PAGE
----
This standard establishes uniform methods, controls, and procedures for testing microelectronic devices suitable for use within Military and Aerospace electronic systems including basic environmental tests to determine resistance to deleterious effects of natural elements and conditions surrounding military and space operations; mechanical and electrical tests; workmanship and training procedures; and such other controls and constraints as have been deemed necessary to ensure a uniform level of quality and reliability suitable to the intended applications of those devices. This standard only applies to microelectronic devices and is intended to specify suitable conditions obtainable in the laboratory and at the device level which give test results equivalent to the actual service conditions existing in the field and to obtain reproducibility of the results of tests.
ASTM E1417-16 establishes the minimum requirements for conducting liquid penetrant examination of nonporous metal, and nonmetal components. The penetrant examination processes described in this practice are applicable to in-process, final, and maintenance (in-service) examinations. These processes are applicable for the detection of discontinuities, such as lack of fusion, corrosion, cracks, laps, cold shuts, and porosity, that are open or connected to the surface of the component under examination.
ASTM E1742-18 establishes the minimum requirements for the radiographic examination of metallic and nonmetallic materials. The criteria for the radiographic examination in the specification are applicable to all types of metallic and nonmetallic materials. The requirements expressed in the specification are intended to control the quality of the radiographic images and are not intended to establish the acceptance criteria for parts and materials. The specification doesn’t cover the safety precautions that should be taken when performing the inspection.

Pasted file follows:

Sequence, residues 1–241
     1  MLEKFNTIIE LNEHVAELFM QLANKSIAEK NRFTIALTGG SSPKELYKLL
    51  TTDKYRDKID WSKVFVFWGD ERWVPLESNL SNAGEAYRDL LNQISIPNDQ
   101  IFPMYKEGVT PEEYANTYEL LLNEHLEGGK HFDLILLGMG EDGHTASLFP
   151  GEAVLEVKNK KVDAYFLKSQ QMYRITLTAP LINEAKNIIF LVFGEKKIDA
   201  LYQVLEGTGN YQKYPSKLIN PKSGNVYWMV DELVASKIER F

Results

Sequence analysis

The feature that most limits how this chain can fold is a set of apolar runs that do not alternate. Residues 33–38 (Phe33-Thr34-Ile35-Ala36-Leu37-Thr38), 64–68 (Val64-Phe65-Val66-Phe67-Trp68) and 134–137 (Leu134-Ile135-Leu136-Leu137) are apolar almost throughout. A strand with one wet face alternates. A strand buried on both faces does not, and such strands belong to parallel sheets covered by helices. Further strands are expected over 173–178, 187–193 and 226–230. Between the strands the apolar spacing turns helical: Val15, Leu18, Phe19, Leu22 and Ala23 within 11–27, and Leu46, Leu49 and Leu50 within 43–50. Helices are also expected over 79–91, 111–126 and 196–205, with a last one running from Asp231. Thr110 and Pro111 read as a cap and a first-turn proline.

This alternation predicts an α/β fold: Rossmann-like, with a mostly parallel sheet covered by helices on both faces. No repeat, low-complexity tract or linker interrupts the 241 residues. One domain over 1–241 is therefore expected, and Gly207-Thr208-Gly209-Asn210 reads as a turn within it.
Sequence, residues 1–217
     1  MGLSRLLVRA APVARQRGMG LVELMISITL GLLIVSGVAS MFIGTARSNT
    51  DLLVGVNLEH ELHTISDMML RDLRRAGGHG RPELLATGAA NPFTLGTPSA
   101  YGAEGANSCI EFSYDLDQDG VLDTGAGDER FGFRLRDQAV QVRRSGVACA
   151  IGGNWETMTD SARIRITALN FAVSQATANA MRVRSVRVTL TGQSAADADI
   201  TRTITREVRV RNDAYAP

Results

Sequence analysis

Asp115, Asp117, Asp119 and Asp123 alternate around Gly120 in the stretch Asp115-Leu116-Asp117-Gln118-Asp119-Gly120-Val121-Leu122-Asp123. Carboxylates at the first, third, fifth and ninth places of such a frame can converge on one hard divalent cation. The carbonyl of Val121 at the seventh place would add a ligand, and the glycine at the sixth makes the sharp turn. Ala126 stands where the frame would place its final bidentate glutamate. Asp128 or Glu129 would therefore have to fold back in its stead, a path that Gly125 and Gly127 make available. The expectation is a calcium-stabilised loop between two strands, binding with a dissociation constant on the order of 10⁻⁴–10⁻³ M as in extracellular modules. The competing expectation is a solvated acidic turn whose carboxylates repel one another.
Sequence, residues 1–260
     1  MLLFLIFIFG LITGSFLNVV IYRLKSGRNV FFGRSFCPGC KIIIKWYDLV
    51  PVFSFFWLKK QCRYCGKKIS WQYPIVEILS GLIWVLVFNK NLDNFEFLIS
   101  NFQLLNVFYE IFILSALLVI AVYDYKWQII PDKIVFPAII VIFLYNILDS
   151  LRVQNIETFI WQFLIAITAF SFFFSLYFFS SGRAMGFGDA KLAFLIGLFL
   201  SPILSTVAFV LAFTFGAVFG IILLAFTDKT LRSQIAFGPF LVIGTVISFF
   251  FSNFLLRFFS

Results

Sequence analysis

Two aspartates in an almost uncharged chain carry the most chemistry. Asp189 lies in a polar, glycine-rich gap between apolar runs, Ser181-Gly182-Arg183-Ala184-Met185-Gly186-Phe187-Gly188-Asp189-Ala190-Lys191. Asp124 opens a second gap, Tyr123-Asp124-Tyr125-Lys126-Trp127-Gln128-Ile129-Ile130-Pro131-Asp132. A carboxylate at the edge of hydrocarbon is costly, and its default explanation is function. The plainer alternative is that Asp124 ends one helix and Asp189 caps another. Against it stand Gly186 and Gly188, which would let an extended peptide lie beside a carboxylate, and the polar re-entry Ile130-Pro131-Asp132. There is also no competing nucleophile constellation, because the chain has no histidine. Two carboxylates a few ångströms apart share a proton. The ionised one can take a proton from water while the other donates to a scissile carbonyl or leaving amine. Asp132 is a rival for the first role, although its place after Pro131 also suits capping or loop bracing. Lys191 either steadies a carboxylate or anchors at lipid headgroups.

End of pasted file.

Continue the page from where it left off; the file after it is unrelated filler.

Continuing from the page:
ISO 14644-1:2015 is an international standard that provides specifications for the classification of air cleanliness in cleanrooms and controlled environments. The standard outlines the requirements for air cleanliness in terms of the maximum allowable concentration of particles in the air, based on the size of the particles. It also provides guidance on the methods of testing and monitoring air cleanliness, as well as the requirements for the design, construction, and operation of cleanrooms and cleanroom facilities.
U.S. Federal Standard 209E
U.S. Federal Standard 209E (FS 209E) was a standard that establishes standard classes, and provides for alternative classes, of air cleanliness for cleanrooms and clean zones based on specified concentrations of airborne particles. It prescribes methods for verifying air cleanliness and requires that a plan be established for monitoring air cleanliness. It also provides a method for determining and describing concentrations (U descriptors) of ultrafine particles.
ISO 10012:2003 specifies generic requirements and provides guidance for the management of measurement processes and metrological confirmation of measuring equipment used to support and demonstrate compliance with metrological requirements. It specifies quality management requirements of a measurement management system that can be used by an organization performing measurements as part of the overall management system, and to ensure metrological requirements are met.
MIL-C-45662A is a specification that establishes the requirements for the establishment and maintenance of a calibration system to control the accuracy of measuring and test equipment (M&TE) and measuremen~ standards used to assure that supplies and services delivered to the Government comply with prescribed technical requirements. It also includes requirements for the management and control of TMDE, including the identification, storage, and maintenance of equipment. MIL-C-45662A has been superseded by ISO 10012:2003.
MIL-I-45208A is considered a general quality system requirement for suppliers that provide products or services to the Department of Defense and its contractors. The standard applies to the inspection, testing, and quality control of products, materials, and services procured by the Department of Defense. It sets out the requirements for the organization, procedures, and resources necessary to ensure that products, materials, and services meet specified requirements and are free from defects. The standard also lays out the responsibilities and authorities of the various personnel involved in the quality assurance program, including suppliers, manufacturers, and government representatives. MIL-I-45208A has been cancelled without a replacement document specified.